Flies as pets
Do you want a pet, but don’t have the time or energy to devote to it? Do you lack the money for a pet? Maybe you’re even allergic to your typical pet breeds? If you answered yes to any of these questions, consider getting a pet fly! It may sound ridiculous at first, but it doesn’t hurt to give these cute little guys a chance. You never know–maybe a fly will end up being your soulmate.
Flies can be found everywhere, such as your local park, hanging out with the squirrels in the trees, feasting on a rotting corpse of an animal, and even chilling in your home. This is very convenient when you’re trying to find your new fly buddy! Flies are exceptionally easy to take care of, and because of their size, they do not need much food to sustain themselves. This makes them so economical!
Detailed steps on how to acquire and take care of your fly are provided below.
Capturing your new Fly Buddy
To catch your new friend, you are going to need a cup or container in one hand, and a sheet of paper wide enough to cover the opening of the container with the other hand. Locate a fly on a flat surface and cover your fly with the container. The fly should be trapped in the container, unable to fly away. Next, slowly slide your paper underneath so that when you move the container away, all openings should be sealed off.
This process is similar to catching a spider without harming it. You may also choose to catch the fly in your hands. However, this is going to be a much more difficult process and you may injure the little guy in the process. Set your container with the paper on top, and the fly still in it, on a counter top for later. Next, choose a lid that you are comfortable making small holes in and that fits on your container.
Preparing your Habitat
Grab some clean dirt and lay it in your jar. The dirt could cover about 1/6 of you container area, when compacted down. This is optional, however it suits the fly better as it relates more to a fly’s natural habitat. Next, grab some twigs, leaves, rocks or anything else that a fly could use as a resting and/or hiding spot. Don’t forget to make room for food and water, though.
Flies eat a variety of things, but they prefer sugary things. As for containing said food, you can use a small bottle cap or a shell. Keep in mind that flies are small creatures, so don’t fill the water up high where they’ll drown. Flies don’t eat much, but you should have food in the container at all times. If it starts to rot, it doesn’t matter. In fact, they’ll probably love it! You can tell they are healthy and strong if they are moving and flying regularly. Click here to view more about a fly’s diet.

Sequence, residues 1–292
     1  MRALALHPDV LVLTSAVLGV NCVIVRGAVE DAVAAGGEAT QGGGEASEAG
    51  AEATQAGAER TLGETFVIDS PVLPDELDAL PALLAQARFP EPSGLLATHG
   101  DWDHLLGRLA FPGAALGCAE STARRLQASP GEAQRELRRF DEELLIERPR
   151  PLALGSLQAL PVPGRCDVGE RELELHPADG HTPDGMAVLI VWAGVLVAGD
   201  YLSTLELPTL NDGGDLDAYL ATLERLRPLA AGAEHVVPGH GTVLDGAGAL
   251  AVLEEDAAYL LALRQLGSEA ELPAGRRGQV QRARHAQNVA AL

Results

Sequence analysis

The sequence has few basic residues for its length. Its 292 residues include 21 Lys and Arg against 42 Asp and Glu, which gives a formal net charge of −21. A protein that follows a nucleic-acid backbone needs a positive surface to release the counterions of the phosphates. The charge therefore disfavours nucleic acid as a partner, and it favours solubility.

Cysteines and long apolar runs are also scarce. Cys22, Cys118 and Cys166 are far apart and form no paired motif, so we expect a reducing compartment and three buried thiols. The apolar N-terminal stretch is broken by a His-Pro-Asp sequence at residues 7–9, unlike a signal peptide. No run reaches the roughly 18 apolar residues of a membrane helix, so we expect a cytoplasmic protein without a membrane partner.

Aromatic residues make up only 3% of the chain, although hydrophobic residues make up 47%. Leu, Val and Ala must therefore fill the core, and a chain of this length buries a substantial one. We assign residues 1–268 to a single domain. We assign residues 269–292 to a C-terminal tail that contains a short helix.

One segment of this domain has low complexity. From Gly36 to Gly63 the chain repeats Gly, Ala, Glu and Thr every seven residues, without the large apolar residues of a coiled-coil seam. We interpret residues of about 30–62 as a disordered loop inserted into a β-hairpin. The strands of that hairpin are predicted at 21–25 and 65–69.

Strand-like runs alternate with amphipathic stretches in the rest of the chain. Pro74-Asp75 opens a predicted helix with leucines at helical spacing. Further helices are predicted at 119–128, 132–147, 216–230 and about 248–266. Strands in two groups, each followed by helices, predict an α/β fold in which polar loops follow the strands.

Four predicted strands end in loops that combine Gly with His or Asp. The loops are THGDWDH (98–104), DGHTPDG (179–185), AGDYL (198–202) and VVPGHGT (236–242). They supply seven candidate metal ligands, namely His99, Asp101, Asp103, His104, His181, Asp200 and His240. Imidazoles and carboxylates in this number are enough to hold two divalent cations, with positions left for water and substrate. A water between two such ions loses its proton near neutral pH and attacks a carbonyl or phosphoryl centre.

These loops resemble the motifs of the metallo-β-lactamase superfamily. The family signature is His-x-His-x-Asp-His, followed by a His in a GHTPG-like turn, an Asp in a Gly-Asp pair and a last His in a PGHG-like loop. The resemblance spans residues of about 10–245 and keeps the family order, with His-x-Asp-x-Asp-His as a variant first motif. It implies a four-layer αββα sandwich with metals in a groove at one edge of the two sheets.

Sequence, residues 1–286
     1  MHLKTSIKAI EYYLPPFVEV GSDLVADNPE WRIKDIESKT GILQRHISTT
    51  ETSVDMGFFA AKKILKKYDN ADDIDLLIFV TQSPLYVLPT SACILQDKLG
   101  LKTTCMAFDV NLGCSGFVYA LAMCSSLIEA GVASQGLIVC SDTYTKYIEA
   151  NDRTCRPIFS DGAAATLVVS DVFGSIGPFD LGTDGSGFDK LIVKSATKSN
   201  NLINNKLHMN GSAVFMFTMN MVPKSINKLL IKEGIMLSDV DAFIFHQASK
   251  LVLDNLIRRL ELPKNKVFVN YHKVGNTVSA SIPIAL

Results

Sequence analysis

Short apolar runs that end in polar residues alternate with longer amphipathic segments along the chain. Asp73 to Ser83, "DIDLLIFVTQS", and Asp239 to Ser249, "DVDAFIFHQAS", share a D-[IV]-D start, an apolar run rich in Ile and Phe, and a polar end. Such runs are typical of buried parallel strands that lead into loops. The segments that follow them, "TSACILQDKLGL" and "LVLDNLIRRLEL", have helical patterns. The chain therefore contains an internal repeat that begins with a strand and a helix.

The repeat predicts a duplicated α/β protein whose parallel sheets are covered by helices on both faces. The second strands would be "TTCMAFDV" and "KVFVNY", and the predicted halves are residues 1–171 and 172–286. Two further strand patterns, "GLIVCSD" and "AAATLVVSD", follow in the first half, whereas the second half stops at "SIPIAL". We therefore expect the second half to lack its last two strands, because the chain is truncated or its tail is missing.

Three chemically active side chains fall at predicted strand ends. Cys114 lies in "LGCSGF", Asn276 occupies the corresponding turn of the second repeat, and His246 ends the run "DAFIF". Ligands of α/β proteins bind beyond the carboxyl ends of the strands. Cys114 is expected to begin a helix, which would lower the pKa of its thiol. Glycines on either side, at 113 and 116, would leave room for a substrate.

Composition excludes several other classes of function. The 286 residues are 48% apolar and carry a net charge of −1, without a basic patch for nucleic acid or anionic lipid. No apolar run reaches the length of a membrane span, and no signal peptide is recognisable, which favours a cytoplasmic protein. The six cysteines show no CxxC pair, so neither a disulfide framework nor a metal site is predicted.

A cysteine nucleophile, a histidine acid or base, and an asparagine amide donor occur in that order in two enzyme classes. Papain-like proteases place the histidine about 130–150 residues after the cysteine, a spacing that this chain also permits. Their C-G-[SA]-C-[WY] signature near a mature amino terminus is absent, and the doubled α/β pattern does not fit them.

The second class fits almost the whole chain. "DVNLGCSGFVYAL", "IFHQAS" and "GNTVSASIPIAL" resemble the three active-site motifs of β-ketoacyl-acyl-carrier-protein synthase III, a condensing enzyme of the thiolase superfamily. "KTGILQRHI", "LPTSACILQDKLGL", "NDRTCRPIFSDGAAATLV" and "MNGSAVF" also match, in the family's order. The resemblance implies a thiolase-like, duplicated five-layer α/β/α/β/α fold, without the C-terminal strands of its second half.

Your lid should have holes in them, but don’t make them too big. Your fly could escape through large enough holes, or worse still, a rival intruder could enter (like a spider) and suck the life out of your little buddy. Make the holes large enough that a syringe or a small straw can fit through, so you can transfer food and water to your new fly.
Just as a precaution, lightly lay a sheet of paper over the lid when you are not feeding the fly. Just make sure air could still circulate throughout the enclosure. A fly likes it warm, so keep its temperature at around 25-40C.
Cautionary Thoughts About Flies
If you have more than one fly in an area, you may want to look out for eggs. They should look like teeny tiny grains of rice. It is recommended you re-locate them to outside, unless of course you want an army of flies.
After handling the container, you should wash your hands. Flies often carry diseases on them, so its best if you don’t get them.
A housefly only lives up to about 28 days, which is relatively short. So, if you don’t want to be the one to see them go, they will be fine if you release them back into the wild. Or, you can let them stay and you can say your final goodbyes.
Other Facts and Ideas
- anthomyiid flies (family Anthomyiidae)
- balloon flies (family Acroceridae)
- bat flies (families Nycteribiidae and Streblidae)
- black flies (family Simuliidae)
- blow flies (family Calliphoridae)
- bot flies (family Oestridae)
- crane flies (family Tipulidae)
- dung flies (family Scatophagidae)
https://www.britannica.com › … › Insects
Diptera ~ Scientific name for fly
Cool Pet Fly Names
If you want to learn about the Opae Ula (Hawaiian Red Shrimp) and how to set up their ecosystem, click here!
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